Friday, March 14, 2008

Getting Creative to Relieve Nurse Stress

Do you remember learning about the aging process in 3rd or 4th semester of nursing school? Little did you know when you took your geriatric nursing courses in nursing school that so many of your patients were actually going to be so old. It goes without saying but the higher the age, the higher the acuity!

How about the number of diabetic patients these days? It seems that routinely 3 out of 5 patients require accuchecks and insulin coverage. In many cases, the nurse assistant is not certified to do accuchecks so the responsibility falls on the nurse.

Have you ever experienced being told that you were going to get a new patient and one minute later the phone rings and it's someone wanting to give you report...and you're thinking, "But I just discharged my other patient less than five minutes ago...I haven't finished my charting...I'm not ready for another patient yet!"

Limited Choices Increase Nurse Stress

These examples fall under the category of what I like to refer to as "Lack of Choice Increases Nurse Stress." Going back to the geriatric nursing courses we all took. Do you remember learning the concept that it is a MYTH to think that getting older is less stressful? The idea that as you get older, you enter the "golden years" and life is grand is a MYTH. In fact, in many cases getting older begins to limit our freedoms and our choices. In many cases getting older is a more stressful time because your choices become more narrow!

Whenever choices are limited or taken away, the stress level will increase. Therefore, when a nurse has no choice as to the age, diagnosis, diabetic status, isolation status or timing of her patients, her stress can increase. There are many other circumstances that the nurse can't control during her work day and this can increase her stress also. If she does choose to not accept a certain patient, then she may feel that she is burdening one of her co-workers who will have to take the patient instead. It sometimes feels like a lose/lose situation.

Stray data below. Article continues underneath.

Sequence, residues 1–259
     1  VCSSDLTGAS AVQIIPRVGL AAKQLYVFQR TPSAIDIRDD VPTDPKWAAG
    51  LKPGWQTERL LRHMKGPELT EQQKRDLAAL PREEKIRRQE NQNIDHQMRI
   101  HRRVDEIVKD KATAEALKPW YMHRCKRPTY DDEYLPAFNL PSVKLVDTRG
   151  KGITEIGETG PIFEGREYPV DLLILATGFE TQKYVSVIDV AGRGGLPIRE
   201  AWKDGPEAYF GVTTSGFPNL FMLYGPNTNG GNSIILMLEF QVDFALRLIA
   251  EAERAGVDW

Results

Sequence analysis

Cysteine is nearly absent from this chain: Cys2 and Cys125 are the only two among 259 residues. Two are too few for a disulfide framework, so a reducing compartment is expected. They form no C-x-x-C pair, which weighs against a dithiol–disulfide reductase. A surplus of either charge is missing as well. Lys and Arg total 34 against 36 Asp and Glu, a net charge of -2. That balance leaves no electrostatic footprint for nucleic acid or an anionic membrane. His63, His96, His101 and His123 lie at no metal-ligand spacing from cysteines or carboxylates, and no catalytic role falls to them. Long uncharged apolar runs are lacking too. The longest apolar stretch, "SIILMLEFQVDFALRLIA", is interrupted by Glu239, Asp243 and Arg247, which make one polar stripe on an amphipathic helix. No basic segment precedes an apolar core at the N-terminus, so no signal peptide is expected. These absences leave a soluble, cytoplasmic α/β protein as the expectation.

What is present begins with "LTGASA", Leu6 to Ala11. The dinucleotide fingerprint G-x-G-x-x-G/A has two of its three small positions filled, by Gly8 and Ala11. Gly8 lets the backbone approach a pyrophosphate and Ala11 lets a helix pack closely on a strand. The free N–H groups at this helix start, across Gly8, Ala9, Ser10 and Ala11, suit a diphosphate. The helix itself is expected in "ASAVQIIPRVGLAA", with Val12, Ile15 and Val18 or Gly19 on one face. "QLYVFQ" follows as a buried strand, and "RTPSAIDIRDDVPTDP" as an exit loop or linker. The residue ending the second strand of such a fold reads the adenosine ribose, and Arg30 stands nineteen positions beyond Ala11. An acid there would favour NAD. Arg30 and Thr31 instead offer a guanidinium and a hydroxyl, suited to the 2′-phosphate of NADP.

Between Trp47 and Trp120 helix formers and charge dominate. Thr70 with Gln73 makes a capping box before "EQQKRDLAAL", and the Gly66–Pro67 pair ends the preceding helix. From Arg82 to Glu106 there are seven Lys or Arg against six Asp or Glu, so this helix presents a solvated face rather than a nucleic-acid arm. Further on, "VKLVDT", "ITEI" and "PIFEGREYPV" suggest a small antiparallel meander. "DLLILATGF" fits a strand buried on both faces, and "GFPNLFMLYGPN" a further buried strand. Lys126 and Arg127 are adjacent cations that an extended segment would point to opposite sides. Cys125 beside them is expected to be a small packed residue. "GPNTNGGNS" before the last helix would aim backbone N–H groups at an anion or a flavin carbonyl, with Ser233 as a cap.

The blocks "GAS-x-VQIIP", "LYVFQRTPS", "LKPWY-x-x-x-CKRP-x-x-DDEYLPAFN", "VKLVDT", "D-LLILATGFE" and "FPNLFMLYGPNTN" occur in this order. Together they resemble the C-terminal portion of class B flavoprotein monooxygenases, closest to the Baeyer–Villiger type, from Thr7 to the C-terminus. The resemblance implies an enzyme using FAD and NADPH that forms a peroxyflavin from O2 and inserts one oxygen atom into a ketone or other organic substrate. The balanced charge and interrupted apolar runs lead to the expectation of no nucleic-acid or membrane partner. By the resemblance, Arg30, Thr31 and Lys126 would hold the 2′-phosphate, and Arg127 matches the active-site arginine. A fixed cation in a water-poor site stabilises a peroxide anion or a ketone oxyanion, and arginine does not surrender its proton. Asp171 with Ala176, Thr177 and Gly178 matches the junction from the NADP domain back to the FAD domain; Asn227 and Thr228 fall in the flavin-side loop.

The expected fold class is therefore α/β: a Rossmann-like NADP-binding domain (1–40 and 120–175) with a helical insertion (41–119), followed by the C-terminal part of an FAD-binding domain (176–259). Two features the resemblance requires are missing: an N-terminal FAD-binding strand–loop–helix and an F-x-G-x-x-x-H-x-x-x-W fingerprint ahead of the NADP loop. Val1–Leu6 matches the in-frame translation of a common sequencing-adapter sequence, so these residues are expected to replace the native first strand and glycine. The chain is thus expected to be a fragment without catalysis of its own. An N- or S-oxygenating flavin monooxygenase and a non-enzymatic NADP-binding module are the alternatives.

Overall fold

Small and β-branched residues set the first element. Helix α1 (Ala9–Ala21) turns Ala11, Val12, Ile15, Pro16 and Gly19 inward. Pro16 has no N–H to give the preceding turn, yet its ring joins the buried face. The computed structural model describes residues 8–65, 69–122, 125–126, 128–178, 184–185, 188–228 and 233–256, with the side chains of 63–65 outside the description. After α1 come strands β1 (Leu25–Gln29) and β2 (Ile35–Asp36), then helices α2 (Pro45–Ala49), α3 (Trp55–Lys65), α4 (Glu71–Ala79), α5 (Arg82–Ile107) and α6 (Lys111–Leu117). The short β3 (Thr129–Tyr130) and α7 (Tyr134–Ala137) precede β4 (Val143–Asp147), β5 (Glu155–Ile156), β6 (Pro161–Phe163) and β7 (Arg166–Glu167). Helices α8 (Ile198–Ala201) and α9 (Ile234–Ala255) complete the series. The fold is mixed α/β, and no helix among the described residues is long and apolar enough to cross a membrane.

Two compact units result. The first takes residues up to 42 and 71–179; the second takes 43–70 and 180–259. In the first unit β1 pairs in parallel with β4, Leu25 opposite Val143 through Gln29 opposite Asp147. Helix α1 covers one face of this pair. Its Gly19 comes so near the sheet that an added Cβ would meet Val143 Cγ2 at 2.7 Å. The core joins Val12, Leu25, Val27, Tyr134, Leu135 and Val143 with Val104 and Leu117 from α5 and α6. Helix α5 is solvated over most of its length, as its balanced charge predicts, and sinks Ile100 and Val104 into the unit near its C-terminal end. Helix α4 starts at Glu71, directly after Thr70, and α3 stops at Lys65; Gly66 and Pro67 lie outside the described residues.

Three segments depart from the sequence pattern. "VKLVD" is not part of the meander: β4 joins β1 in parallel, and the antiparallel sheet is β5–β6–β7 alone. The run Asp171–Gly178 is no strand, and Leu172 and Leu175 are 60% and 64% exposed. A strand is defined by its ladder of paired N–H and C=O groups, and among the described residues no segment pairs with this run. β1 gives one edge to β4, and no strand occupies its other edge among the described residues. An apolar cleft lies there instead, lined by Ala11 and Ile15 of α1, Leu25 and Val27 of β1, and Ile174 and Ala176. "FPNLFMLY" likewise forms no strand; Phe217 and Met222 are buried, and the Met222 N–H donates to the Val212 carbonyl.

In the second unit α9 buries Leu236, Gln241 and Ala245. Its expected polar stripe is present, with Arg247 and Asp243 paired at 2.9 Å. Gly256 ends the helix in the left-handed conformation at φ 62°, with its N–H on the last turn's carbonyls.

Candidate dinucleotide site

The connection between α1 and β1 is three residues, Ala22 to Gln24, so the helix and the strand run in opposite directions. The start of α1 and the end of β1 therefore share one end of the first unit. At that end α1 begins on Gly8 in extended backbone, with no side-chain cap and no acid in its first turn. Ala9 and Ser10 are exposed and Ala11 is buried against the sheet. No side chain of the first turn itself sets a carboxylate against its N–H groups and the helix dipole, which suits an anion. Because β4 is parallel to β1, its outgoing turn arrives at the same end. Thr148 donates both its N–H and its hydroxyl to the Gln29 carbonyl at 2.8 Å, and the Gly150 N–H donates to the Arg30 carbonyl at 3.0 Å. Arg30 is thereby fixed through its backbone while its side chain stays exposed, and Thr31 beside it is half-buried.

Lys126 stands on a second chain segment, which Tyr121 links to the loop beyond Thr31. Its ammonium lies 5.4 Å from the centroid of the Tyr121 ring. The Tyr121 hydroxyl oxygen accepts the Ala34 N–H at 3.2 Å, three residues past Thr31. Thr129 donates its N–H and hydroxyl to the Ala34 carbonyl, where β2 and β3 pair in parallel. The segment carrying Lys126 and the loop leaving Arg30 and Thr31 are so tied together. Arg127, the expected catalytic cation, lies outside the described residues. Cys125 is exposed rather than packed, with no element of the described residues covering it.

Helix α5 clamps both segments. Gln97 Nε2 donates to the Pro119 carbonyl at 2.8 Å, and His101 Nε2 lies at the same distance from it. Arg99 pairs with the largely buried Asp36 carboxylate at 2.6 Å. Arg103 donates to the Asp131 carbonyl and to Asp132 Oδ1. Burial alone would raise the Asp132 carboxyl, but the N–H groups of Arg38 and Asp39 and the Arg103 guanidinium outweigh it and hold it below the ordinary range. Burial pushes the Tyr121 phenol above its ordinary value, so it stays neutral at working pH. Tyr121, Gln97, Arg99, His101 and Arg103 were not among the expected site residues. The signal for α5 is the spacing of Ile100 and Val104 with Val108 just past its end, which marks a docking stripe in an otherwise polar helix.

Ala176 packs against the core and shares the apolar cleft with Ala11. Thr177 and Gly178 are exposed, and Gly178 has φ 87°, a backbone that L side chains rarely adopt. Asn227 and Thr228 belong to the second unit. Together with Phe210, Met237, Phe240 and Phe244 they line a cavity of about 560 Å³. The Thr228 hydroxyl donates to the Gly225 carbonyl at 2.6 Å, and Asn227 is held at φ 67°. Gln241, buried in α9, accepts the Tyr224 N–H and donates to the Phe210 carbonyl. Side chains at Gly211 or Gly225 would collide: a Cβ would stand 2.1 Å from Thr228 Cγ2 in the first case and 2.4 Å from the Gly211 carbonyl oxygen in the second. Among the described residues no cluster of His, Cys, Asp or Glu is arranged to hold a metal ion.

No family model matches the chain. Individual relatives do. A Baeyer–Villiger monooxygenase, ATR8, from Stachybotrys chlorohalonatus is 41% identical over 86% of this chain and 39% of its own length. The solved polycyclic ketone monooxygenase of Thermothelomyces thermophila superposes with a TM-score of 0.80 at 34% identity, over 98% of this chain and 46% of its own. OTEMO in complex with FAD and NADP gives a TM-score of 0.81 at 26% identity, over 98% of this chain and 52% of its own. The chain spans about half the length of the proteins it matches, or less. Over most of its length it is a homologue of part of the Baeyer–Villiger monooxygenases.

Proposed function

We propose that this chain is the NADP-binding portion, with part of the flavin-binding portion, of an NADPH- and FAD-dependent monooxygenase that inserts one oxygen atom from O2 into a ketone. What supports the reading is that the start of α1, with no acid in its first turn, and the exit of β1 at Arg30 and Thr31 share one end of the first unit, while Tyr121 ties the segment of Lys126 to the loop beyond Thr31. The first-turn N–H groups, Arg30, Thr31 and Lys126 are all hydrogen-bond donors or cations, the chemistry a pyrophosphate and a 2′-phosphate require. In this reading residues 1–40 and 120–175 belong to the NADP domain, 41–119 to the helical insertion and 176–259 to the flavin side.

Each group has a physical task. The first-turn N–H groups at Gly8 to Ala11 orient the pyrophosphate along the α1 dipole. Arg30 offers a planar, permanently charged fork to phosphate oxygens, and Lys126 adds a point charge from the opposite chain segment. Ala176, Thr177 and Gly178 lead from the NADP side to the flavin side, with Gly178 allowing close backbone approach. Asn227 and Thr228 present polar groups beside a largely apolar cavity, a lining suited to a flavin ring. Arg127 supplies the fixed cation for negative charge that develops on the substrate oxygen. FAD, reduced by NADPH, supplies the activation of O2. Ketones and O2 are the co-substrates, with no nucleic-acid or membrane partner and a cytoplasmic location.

Taking Care of Yourself is Not Optional!

That is why it is absolutely imperative that nurses take care of themselves. Get good nutrition. Get rest! Lay off the sugar. Feed your soul. Speak up!!! Get creative and think of solutions on your floor that will benefit you and your co-workers.

My co-worker and I organized a potluck at my house in January. We called it, "Nurturing the Nurses." Even though we sent out flyers way ahead of time, the turn out wasn't that high. Do nurses put themselves last on the list? Anyway, the nurses who did show up had a great time! We spent time talking and relating with each other in a completely stress-free (non-hospital) environment. We told NON-nursing stories of our lives and had lots of laughs. Holding a potluck in your home is a great way to relieve stress!

Question: Do you believe that the less choices you have in life, the higher your stress level? Please post an answer by hitting "Comments" at the bottom of this blog post and type away!

Wishing you good health,
Theresa Waller, RN
714 293 5398
Take Care of Yourself Nurses!

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